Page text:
WHAT INITIALLY caught my attention on Hamilton Ave. was the Trayvon Martin memorial wall painting on the south wall of Sheps Barber and Beauty Shop. This is the second memorial image in Detroit. I met Terry cranking down the steel entry cover. We struck up a conversation and I set an appointment to visit.
Sheps is a landmark. The oldest black owned barbershop in Highland Park, since 1944. The barber/beauty shop has been a culture treasure and community communication center since 1965 at its present location on Hamilton Avenue, in Highland Park, a city within Detroit.
Sheps now anchors one end of a barren streetscape of empty land, abandoned buildings, and God’s House of Prayer at the other end.
Shop walls display Sheps 1945 diploma, an image of him working in a shop in New York City, a variety of local business honorariums, and historical photos of the building, barbers and family.
“On Saturday the shop used to be packed wall to wall with men – all waiting for their cut from her uncle Richard Sheppard – “Shep” and fellow barbers,” notes owner/niece Dorothy Grigsby, “Highland Park was booming…Ford and Chrysler were here. I worked at Ford, and got layed off again in 1980. I decided to go into hair. It was a more stable career”. A year later I went to work for uncle Shep, and have been here ever since.”Shep retired in 2000.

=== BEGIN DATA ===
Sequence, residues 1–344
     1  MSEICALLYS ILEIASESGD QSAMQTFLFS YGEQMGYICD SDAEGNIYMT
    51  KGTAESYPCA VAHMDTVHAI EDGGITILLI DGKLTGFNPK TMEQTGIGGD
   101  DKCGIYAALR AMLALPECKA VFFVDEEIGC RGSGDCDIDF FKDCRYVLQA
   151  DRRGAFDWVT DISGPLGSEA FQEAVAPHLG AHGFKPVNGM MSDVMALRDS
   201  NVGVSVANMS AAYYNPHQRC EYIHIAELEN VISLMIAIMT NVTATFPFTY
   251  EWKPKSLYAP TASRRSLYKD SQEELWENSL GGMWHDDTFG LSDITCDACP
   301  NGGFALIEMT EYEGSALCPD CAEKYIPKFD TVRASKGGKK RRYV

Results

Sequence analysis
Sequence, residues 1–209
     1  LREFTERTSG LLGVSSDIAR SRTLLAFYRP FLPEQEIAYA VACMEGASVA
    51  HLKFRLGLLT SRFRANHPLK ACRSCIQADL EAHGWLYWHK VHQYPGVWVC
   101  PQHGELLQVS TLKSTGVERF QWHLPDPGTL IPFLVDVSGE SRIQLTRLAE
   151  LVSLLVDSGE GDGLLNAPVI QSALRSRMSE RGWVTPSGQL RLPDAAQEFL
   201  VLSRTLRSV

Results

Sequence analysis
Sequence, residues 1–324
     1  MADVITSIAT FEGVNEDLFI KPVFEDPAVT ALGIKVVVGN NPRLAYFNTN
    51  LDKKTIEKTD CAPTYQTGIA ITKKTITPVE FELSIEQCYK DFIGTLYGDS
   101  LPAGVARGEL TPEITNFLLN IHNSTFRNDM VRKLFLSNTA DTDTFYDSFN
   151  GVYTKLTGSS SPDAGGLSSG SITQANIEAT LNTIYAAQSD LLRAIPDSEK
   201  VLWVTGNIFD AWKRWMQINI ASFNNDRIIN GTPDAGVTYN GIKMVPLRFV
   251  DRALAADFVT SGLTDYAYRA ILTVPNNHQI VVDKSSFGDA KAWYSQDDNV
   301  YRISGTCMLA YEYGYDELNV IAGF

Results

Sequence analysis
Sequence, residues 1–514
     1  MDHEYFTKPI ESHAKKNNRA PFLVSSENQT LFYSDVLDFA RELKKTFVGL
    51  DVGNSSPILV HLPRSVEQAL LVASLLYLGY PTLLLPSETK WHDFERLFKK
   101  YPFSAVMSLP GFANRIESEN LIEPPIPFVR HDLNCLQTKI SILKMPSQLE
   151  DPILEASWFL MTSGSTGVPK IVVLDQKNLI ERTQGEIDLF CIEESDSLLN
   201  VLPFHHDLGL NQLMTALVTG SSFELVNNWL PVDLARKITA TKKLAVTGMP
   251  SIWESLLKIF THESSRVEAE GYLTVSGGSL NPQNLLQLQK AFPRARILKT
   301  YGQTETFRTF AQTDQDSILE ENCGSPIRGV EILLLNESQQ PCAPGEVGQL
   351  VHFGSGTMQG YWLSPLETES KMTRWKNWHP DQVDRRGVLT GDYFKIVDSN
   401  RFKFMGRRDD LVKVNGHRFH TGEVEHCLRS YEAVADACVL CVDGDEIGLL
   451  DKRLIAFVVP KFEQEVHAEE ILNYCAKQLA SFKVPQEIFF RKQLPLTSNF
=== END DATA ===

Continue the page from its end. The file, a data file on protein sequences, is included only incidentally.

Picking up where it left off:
After “9/11” business really started to decline. It’s a daily struggle to make a living, pay for insurance, and deal with rising fire inspection and business permit fees Highland Park wants to collect from her.
She is just hoping for a better day and some new customers.
Current business is a little walk in, and mostly loyal customers who drive in for their services.
“No one touches my hair but Dorothy ! For 30 years I have been coming to Dorothy, driving here from Pontiac, Michigan”, says loyal customer Linda. Pontiac is a good 20 miles north
Terry Grigsby, son of Dorothy has been cutting hair since 1992. A Michigan Barber College graduate, he worries about business prospects and an empty chair. Not a lot to look forward to when Dorothy retires. He does not have a strong pension to support him in the future.
Long time employee David Collins, age 86, apprenticed under Shep for two years at an earlier Highland Park location on Oakland Avenue in the late 1950’s. He cut hair on Saturday, while working full time at various Chrysler plants until his retirement in 1985. “We never stopped on Saturdays,” David recalls. That was a long time ago.